This is the part where my blog turns into the internet equivalent of sitting though someone’s boring vacation photos. At least you always have the option of going somewhere else.
Today was going to be an exploration of the Third Arrondisement, but that turned out to be too ambitious. And it was raining. It rains a lot here in December, or to be more precise, it drizzles. Everything is wet all the time. Today though was actual rain.
That building on the right is the oldest private home in Paris. L’Auberge Nicolas Flamal built in 1407. The ground floor is a restaurant. To look at it, I would have expected it to be unaffordable, but it’s not. Pricey, but not absurdly so.
First stop this morning, La Musée Carnavalet, the museum of the history of Paris. It contains almost exclusively paintings, though there are a few artifacts here and there.
Though ostensibly a museum of the history of Paris, the bulk of the collection only goes back to about the sixteenth century, or would if all the galleries were open. (There is a gallery of middle ages stuff, but like the banks here, the various galleries in the museum will just close for a few hours in the middle of the day. The rest remain open – they just clear out a section of the museum and cordon it off with a sign that says closed 12h45-14h30, or some such. When I was there the middle ages one was closed until later. At any rate, there’s a whole museum of the middle ages on the left bank that I’ll get around to eventually.) At present, the 16th and 17th galleries are under renovation, so that really only leaves the 18th and 19th centuries. And the galleries covering the French Revolution are likewise closed. But France managed to cram enough history into the nineteenth century—three republics, two empires, the last of the Bourbon monarchies and the short-lived one of Orleans, various uprisings and revolutions and a war with Prussia—that there’s no want of subject matter.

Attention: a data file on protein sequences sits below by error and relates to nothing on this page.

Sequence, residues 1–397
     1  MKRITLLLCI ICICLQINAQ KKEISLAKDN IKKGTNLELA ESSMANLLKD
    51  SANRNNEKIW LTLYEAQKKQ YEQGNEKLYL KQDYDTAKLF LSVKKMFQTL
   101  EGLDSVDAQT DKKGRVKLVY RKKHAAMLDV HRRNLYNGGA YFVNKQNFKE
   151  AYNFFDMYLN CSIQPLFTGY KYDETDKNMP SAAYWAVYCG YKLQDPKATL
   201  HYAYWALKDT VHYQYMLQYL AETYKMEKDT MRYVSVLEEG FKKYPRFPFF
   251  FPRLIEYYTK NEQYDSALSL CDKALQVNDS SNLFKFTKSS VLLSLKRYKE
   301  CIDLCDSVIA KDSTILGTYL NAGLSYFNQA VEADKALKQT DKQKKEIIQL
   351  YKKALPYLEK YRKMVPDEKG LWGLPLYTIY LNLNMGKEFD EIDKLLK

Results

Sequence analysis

Oddly, the museum begins with an assortment of old signage from various shops – locksmiths, bakeries, wine merchants, hat-makers, etc. Three or four large rooms of signage. Most quite intricately carved in wood or wrought in iron. Very nice.
Henri IV, the first king of the House of Bourbon, graces one of the courtyards.
Then there’s a lot of this sort of stuff – chandeliers and mirrors and gilded moulding. There’s also, as already mentioned, a ton of paintings, some 2600 of them allegedly, though I didn’t really take many photos. A lot of them are available on the Carnevalet website, should you care to see them.
Marcel Proust’s furniture. Evidently he did his writing in bed. En recherche du temps perdu was written in that bed on the right. That’s his father in the portrait above the desk.
Nice museum. A bit heavy on portraiture, but well worth a visit. And its free.
Following the Carnavalet, an unsuccessful attempt to find a moderately priced restaurant with available seating anywhere in Le Marais, and the the house of Victor Hugo. Next post.